This is a strong contender, if not outright winner, for the What’s Buzzin’ photo submission of the year. Wow! Kyle went to move a flower pot in his backyard and found these larvae on the rock underneath. He quickly took a photo and gingerly put the pot back, with the hope they can still develop.
So, what exactly is going on here? We believe this is the cells / nest of a species of mason wasp. The female wasp will sting and paralyze caterpillars to then add to the mud cell she creates, where she will lay just one egg. The larvae will emerge and eat the paralyzed but live caterpillars. The large larvae toward the top have already consumed much of their stash mom provided and will likely pupate soon. The cells toward the bottom have small larvae in them with lots of food remaining (possibly just an egg in some cases) …so the cells at the top were likely created by the female wasp first — the eggs hatching a few days earlier. We would guess this is the work of a single female wasp as they are not social.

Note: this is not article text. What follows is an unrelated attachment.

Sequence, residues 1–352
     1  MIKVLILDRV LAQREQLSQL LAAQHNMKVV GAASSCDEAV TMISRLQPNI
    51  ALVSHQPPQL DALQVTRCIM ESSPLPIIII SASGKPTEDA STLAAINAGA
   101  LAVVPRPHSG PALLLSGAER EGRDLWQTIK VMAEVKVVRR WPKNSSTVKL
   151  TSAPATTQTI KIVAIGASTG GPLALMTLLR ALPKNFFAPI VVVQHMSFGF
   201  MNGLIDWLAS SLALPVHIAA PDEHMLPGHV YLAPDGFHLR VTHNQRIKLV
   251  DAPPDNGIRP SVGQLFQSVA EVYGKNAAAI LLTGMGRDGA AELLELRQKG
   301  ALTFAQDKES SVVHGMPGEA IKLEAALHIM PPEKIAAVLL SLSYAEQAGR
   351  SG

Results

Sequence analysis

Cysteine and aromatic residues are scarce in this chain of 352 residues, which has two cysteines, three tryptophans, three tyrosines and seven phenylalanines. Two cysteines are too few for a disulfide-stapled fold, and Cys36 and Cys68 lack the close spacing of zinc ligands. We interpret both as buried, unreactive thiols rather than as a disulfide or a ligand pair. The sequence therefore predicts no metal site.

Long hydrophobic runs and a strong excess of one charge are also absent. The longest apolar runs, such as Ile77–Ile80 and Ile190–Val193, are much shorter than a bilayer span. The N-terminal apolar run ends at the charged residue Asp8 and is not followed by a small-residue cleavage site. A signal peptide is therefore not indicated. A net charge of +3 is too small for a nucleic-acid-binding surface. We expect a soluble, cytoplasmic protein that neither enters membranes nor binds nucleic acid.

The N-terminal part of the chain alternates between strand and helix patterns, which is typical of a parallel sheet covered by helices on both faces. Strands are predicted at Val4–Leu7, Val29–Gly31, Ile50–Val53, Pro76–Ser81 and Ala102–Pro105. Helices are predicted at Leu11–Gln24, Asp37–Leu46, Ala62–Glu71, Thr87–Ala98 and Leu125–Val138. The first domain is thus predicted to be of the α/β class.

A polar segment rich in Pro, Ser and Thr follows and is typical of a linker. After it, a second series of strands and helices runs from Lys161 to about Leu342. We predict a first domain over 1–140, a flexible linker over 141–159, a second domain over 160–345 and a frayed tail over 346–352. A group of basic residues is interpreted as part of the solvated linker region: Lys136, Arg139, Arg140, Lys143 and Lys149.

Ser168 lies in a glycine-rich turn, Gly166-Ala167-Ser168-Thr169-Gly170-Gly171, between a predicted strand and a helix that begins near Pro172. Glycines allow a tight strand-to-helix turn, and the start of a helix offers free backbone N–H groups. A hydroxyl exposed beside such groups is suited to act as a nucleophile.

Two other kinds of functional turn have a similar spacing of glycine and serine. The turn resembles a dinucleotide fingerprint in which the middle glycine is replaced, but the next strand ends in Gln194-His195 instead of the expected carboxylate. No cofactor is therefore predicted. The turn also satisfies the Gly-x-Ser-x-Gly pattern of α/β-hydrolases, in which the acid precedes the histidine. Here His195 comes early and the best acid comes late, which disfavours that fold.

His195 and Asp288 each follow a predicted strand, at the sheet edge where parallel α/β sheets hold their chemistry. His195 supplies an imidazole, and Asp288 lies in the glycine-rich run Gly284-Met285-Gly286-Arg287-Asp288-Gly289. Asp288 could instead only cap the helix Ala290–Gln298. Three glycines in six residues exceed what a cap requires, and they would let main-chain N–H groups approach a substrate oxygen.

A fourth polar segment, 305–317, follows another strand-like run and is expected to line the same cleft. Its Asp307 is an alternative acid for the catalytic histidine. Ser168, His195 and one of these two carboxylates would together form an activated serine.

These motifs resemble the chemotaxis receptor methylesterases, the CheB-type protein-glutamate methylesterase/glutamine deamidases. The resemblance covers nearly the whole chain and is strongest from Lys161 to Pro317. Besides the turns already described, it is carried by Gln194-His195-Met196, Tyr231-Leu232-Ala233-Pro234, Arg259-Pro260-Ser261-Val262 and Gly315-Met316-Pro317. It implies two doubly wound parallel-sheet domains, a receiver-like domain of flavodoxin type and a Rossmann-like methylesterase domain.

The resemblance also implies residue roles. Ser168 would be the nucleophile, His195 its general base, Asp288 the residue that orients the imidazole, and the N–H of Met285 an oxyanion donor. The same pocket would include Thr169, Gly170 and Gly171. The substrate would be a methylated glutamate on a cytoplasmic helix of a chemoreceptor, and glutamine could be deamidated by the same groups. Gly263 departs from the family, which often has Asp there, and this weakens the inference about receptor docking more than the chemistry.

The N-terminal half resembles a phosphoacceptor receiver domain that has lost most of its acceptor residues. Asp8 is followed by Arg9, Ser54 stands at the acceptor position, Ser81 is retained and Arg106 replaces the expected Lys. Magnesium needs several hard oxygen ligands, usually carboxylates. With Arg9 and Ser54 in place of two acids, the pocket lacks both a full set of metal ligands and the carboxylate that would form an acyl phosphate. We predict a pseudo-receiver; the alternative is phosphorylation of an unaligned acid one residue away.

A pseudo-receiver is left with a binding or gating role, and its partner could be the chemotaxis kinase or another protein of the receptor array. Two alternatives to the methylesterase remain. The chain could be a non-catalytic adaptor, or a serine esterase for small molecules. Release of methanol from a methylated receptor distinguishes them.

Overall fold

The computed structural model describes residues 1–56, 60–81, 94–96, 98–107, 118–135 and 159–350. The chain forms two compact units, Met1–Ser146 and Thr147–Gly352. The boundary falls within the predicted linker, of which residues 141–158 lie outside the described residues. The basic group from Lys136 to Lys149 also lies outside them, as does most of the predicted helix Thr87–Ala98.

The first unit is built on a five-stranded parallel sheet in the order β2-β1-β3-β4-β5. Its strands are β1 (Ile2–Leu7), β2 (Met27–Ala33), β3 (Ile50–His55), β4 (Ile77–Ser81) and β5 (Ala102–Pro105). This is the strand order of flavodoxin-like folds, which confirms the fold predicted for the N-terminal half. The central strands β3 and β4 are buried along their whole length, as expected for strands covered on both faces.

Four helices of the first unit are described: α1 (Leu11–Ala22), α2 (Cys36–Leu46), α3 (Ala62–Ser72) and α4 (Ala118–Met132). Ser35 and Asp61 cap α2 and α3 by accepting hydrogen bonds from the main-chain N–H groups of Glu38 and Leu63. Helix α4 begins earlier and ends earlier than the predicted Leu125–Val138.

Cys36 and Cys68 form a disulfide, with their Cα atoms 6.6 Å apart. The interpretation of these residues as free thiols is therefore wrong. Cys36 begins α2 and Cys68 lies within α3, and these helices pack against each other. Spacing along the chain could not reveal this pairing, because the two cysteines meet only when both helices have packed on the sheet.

Photo by: Kyle Hartse on 7/2/21 in Helena, MT